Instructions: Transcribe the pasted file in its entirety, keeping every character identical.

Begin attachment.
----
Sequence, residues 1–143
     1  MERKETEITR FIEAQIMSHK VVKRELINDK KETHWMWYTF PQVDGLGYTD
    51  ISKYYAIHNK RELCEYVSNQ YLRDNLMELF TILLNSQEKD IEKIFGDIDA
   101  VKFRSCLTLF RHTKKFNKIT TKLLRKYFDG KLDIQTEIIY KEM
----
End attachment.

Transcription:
Sequence, residues 1–143
     1  MERKETEITR FIEAQIMSHK VVKRELINDK KETHWMWYTF PQVDGLGYTD
    51  ISKYYAIHNK RELCEYVSNQ YLRDNLMELF TILLNSQEKD IEKIFGDIDA
   101  VKFRSCLTLF RHTKKFNKIT TKLLRKYFDG KLDIQTEIIY KEM